Iraq, UN Continue Test of Wills

Some analysts call for fresh look at standoff following Security Council warning

THE United States and the United Nations Security Council are trying to keep the pressure on an increasingly defiant Iraq.

Baghdad has made it clear over the last several days that it has had its fill of what it sees as harshly punitive UN and Western measures imposed after the Gulf war. The Security Council insists that Iraq itself agreed to the cease-fire terms and must fulfill them.

The US continues to mull various military options, saying no further warning to Baghdad is needed. The Security Council, in a nonbinding statement announced late Jan. 11, accused Iraq of "material breaches" of cease-fire terms and warned of "serious consequences" unless Iraq cooperates. It was the second warning in four days.

US Gen. John Shalikashvili said Jan. 12 that Iraq had rendered anti-aircraft missiles operational in the northern no-fly zone over Kurdish areas.

The current spate of Iraqi challenges began last month when Iraqi planes began to fly in the Western-imposed no-fly zone over southern Iraq. After the US shot down one of the planes, Baghdad deployed several surface-to-air missiles inside the zone.

A day after the US, Britain, France, and the Russian Federation issued a move-the-missiles-or-else ultimatum on Jan. 6, Iraq said it would ban all flights by UN planes to and from Iraq. The Security Council, until then not directly involved, issued a firm reprimand. As Iraq's Foreign Minister Mohammed Said al-Sahaf later explained in a letter to the Council president, Iraq's planes are "parked and rusting" in airports around the world because of UN economic sanctions. He said the Iraqi planes should be l eased and substituted for UN planes.

Groups of up to 200 Iraqis then made several forays into Kuwait, which Iraq still considers its 19th province, in one case removing Silkworm surface-to-surface missiles and explosives.

Iraq had been authorized by the UN to retrieve - by Jan. 15 - supplies abandoned after the war at the former Iraqi naval base, which now straddles the new border between Iraq and Kuwait. Yet Iraq, which does not recognize that border, did not secure the required advance clearance from UN observers there. Iraq also was not authorized to remove any military equipment, which UN troops were to destroy.

The Council also repeated its demand of Jan. 8 that UN weapons inspectors be allowed to use their own aircraft to fly in and out of the country and called Iraq's border activities a "clear-cut defiance" of UN resolutions. The Council asked UN Secretary-General Boutros Boutros-Ghali to "urgently explore" a possible increase in the size of the UN Iraq-Kuwait Observation Mission.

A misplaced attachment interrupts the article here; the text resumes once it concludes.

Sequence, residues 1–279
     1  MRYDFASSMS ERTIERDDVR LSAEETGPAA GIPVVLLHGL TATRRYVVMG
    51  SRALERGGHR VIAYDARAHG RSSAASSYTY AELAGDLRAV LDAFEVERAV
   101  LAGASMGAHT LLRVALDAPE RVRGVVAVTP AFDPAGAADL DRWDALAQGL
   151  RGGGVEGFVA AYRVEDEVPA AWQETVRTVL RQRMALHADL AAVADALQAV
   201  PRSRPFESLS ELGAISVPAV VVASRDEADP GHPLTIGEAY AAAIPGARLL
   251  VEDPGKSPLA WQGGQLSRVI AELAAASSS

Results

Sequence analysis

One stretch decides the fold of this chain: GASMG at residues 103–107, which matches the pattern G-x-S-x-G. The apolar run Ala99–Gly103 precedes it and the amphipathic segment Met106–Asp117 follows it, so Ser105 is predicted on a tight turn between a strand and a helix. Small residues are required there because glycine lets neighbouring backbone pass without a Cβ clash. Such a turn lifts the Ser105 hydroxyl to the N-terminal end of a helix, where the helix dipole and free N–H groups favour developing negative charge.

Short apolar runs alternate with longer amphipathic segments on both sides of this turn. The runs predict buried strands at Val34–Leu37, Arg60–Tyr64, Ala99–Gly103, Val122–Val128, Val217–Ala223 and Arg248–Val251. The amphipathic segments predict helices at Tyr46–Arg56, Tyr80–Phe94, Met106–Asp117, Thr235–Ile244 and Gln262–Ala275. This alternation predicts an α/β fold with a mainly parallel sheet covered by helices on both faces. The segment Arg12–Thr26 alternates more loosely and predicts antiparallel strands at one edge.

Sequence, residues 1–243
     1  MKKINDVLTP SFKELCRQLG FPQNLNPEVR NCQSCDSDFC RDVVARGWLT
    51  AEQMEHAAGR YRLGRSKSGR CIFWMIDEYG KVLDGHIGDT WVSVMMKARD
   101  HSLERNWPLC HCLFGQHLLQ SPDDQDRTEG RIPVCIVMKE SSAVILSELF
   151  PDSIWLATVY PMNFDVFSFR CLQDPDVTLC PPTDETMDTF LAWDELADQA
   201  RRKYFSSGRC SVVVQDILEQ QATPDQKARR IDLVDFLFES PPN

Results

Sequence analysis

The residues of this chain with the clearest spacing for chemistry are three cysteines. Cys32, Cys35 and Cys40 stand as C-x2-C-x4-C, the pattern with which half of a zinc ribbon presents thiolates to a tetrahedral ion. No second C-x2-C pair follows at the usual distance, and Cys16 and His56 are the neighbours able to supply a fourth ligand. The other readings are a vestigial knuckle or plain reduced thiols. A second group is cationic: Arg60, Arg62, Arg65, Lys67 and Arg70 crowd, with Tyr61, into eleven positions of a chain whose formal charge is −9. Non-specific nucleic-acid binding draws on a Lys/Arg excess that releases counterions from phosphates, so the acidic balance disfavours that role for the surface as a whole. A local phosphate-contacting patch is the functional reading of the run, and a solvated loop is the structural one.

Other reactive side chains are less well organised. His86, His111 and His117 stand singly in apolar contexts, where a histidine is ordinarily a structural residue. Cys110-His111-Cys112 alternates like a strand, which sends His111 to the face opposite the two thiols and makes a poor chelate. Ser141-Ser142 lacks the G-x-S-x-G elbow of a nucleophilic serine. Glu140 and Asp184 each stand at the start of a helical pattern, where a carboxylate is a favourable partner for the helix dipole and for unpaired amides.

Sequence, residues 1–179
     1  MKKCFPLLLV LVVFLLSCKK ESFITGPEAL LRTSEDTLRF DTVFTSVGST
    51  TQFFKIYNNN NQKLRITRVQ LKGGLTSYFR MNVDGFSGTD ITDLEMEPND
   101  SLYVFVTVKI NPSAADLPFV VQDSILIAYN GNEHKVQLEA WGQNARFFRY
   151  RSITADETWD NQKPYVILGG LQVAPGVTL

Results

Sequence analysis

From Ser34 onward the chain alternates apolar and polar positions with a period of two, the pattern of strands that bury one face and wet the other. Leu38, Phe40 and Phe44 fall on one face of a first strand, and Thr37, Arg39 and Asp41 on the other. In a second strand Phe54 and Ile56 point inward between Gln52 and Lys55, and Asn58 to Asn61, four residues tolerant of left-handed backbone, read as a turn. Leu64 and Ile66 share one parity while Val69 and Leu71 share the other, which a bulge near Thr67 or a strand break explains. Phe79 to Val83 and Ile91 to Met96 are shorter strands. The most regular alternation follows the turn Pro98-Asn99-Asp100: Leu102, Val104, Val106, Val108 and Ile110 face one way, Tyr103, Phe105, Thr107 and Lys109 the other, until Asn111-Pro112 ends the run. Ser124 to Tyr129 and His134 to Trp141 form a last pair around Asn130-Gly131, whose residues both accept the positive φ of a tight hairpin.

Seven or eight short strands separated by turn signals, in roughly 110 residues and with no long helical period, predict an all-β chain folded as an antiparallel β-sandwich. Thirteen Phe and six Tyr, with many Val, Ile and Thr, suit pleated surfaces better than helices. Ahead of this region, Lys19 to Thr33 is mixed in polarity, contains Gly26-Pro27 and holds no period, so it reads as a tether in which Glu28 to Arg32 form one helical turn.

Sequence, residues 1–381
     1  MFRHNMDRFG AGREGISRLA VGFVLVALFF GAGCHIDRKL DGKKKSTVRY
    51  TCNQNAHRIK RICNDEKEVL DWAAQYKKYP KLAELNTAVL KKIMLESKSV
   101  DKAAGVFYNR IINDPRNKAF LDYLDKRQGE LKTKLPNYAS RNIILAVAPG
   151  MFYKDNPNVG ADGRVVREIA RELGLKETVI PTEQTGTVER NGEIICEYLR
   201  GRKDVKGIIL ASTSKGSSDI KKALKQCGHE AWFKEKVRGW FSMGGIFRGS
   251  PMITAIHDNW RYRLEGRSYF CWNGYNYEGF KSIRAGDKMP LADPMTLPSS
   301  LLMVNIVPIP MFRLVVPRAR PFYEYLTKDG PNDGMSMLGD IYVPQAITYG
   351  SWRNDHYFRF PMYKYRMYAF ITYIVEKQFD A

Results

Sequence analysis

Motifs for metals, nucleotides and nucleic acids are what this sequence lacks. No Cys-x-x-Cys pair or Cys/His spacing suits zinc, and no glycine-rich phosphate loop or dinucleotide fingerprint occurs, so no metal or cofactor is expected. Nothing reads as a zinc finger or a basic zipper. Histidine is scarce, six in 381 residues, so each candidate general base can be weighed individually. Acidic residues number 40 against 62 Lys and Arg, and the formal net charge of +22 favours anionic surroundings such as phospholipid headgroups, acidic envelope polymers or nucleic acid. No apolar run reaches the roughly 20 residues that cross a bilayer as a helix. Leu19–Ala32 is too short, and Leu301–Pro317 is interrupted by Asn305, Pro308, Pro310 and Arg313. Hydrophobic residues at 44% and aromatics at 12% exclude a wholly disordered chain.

Iraq has frequently challenged UN cease-fire terms. Iraq's Deputy Prime Minister Tariq Aziz has appeared before the Security Council twice since last March to urge that the economic sanctions placed against Iraq in 1990 be removed. The Council has refused to consider any change. A fresh look needed

Yet some analysts argue that circumstances have shifted enough to warrant a fresh look at the situation.

Recent Iraqi moves are less a calculated strategy than a series of reflex actions stemming from frustration over continued sanctions, says Dr. Clovis Maksoud, former Arab League ambassador to the UN.

"Saddam Hussein's reaction is what I might call adolescent or childish," he says. "By the same token, the US, in focusing on that, is equally, if not childish, not mature. Somebody has to bring a certain rationality to the discourse."

"Nobody can tolerate Saddam Hussein's ruthlessness," Dr. Maksoud says. "But on the other hand, it's important to distinguish between humbling the Iraqi regime and humiliating the Iraqi people. That situation is blurred."

"Iraq has been given no incentive to cooperate further except for the stick," says Shibley Telhami, a Middle East expert at Cornell University. "If Iraq assumes that the real objective of the sanctions is to bring down the government, it's not going to commit suicide.... It's basically a question of who's going to blink next."

Dr. Telhami says a broader look at the Middle East is needed. Israel's refusal to heed the recent Security Council resolution demanding the return of expelled Palestinians has prompted many Arab officials, he says, to question whether the UN is following a double standard by not moving to enforce the resolution. Council lacks balance

Maksoud agrees that by allowing Israel to become what he calls an exception to the rule of law, while requiring Iraq to "meticulously implement" every UN resolution, the Council lacks a certain balance. The result, he says, may trigger even more Arab sympathy for Iraq.

"This is not a savory regime, one that is ready to assume a [responsible] role in the area," says Victor Levine, a Middle East expert at St. Louis University.

"I don't think there is any real room for reassessing the situation," he adds. "One thing we can do is continue to assist Saddam's internal enemies and insist upon [Iraq's] full compliance with the UN resolutions.... This is not the time to say, `Well, maybe you've got a point, Jack.' "

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